As we can see now, the race to power in the processors industry has slowed down for the last 5-10 years. The lack of conccurence for Intel and the physical limitations with current silicon-based processors, the world of processors is destined to experience a revolution in the coming years in terms of materials.
Intel is struggling to go below 14nm concerning the heat with the processor. It is indeed difficult to create processors that resist to the temperature generated for this engraving size.
AMD finally seems to wake up after several years of delay, and Intel could put more work in the processor elaboration.
The best current processor is only twice as powerful as the one 5 years ago and is 6 times more expensive.
To go further, we multiply the number of processors on the motherboard, we transform the graphics cards into processors, we create bridges between them to multiply the power. But all this has a cost in energy consumption! With a creation of heat that requires big ventirads for the thermal dissipation. The whole thing makes a dreadful noise.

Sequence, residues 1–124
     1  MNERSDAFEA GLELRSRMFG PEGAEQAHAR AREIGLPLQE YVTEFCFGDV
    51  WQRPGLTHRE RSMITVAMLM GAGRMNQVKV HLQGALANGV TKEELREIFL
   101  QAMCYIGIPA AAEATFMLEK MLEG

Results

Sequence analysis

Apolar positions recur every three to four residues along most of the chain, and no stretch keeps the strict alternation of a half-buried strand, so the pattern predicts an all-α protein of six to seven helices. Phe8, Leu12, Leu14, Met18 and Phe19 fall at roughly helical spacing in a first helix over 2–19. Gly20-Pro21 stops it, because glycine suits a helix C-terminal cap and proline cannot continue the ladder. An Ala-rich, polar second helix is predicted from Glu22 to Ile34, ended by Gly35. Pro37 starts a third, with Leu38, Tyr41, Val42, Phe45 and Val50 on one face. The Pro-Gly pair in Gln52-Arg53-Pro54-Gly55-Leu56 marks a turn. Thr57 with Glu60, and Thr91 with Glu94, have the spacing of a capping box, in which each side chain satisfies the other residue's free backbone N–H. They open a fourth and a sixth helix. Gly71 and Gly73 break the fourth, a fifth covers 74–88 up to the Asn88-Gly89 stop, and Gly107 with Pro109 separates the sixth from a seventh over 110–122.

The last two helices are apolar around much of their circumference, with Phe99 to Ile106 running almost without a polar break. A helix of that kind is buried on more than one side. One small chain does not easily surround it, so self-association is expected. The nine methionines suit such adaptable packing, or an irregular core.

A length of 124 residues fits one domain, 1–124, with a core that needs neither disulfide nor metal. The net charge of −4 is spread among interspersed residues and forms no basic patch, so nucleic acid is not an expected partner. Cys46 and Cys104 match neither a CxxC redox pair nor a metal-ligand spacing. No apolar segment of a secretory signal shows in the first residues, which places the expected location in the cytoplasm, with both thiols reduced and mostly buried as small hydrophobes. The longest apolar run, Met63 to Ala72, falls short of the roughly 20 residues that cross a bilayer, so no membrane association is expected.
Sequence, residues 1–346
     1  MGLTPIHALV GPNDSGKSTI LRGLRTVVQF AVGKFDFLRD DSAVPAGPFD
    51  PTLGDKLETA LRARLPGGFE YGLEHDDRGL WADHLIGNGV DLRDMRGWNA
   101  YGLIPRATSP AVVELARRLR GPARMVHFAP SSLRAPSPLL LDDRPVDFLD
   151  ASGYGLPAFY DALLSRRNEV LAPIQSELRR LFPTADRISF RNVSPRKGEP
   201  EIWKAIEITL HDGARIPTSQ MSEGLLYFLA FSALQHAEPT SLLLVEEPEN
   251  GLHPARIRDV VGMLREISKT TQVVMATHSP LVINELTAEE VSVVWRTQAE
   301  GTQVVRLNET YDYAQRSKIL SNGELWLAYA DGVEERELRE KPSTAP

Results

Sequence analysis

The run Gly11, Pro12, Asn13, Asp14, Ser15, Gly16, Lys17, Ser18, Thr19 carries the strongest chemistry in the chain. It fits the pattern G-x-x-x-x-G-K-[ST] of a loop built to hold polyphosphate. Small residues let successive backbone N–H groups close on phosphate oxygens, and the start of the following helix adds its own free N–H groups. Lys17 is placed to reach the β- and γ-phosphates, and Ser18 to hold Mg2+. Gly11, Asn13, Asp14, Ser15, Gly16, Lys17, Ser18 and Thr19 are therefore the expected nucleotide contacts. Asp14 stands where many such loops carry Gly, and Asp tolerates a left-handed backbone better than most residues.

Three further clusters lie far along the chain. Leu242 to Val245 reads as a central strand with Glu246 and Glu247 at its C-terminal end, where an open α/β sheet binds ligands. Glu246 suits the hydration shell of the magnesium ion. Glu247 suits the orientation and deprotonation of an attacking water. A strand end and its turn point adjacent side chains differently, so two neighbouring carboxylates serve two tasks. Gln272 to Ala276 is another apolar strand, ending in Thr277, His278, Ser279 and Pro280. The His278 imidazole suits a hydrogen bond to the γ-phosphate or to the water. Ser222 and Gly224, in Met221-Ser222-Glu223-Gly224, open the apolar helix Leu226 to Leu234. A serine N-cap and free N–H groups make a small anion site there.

One solution resides into the photonic crystals, an idea that comes from the 80s. At that time the realization was too expensive. It is much more accessible nowadays.
A better known alternative is graphene. IBM is conducting extensive research on this material.
Also carbon nanotubes. The processors will not become smaller, but will be much faster.
The spintronics which consists of measuring the negative charges of the electrons with the aid of a magnetic field. This technique would reduce the energy requirements and therefore the heat. According to experts, this method would be more effective than graphene and carbon nanotubes.
The quantum computer that is already a reality since Google intends to compete the current leader, the D-WAVE 2000Q. Instead of having 0s and 1s, we also have a superposition of 0 and 1. The power is then expressed in qubits and not in bits. This technology takes a lot of space because of the system required to cool the computer.
There is also photonic silicon. Hafnium dioxide (too rare), other metal oxides. Components completely made of germanium (instead of partially).
III-V compound semiconductors, such as indium arsenide and indium antimonide, which have 50 times more electron mobility than silicon.
A solution that combines III-V materials, silicon and germanium could emerge in the years to come and drastically change the situation.